HP accused of flogging dodgy laptops

The maker of printer ink which costs more than liquid gold is in deep hot water in China for flogging dodgy laptops.

HP is faces a government watchdog investigation after more than 170 consumers complained that its laptop was faulty.

The watchdog  will decide if the Chinese government will order a recall of the faulty notebook computers.

According to the FT, the complaint was delivered to the General Administration for Quality Supervision, Inspection and Quarantine (AQSIQ).

Apparently this long sounding name is a quality watchdog and it is supposed to investigate the quality of HP notebooks and order the company to buy back or exchange allegedly faulty machines bought by the plaintiffs and to compensate them for losses. 

It also calls for AQSIQ to request a recall of the notebooks.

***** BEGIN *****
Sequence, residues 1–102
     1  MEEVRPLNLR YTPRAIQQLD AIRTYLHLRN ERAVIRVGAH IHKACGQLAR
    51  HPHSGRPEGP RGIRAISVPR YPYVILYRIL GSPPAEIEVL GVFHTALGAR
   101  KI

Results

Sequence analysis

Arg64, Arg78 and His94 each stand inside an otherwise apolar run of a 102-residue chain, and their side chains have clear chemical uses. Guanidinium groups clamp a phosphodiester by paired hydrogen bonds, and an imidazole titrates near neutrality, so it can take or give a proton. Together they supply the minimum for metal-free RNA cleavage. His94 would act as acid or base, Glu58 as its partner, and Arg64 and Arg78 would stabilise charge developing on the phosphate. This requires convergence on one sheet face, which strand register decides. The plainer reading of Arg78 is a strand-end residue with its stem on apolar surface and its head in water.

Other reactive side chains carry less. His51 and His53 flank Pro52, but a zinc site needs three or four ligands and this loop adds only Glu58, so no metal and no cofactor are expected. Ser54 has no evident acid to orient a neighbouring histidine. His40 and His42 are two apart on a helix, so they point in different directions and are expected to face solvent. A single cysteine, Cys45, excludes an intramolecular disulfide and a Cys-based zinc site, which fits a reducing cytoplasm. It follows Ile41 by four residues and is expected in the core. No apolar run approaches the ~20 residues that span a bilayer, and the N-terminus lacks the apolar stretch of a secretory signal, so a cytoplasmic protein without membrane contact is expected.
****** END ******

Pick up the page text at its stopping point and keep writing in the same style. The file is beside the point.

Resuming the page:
The case has been organised by Laweach, a not-for-profit website that helped organise laptop users for the case.

The hardware problems are with laptops which sold since 2007 and had malfunctioning screens and overheating problems.

Apparently the problems were due to faulty graphics cards produced by Nvidia.

In July 2008, Nvidia publicly acknowledged quality problems with some graphics cards and announced it was paying PC makers to deal with resulting problems.

While HP offered an extension of warranty periods for some notebook models, that was not a thorough solution to the problem, the complaint says.

In other countries, HP offered consumers extended warranty periods for even more models and compensated them for transport costs.  In China the outfit openly discriminated against Chinese consumers.